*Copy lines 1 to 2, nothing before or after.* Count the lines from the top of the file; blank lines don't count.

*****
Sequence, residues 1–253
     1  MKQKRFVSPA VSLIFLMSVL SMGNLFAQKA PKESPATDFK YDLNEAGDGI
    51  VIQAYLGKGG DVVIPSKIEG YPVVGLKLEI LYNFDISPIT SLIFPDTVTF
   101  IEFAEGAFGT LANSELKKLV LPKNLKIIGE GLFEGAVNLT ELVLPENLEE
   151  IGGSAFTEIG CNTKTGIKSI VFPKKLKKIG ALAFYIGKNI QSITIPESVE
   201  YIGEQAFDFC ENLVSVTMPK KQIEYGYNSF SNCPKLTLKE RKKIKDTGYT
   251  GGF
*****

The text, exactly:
Sequence, residues 1–253
     1  MKQKRFVSPA VSLIFLMSVL SMGNLFAQKA PKESPATDFK YDLNEAGDGI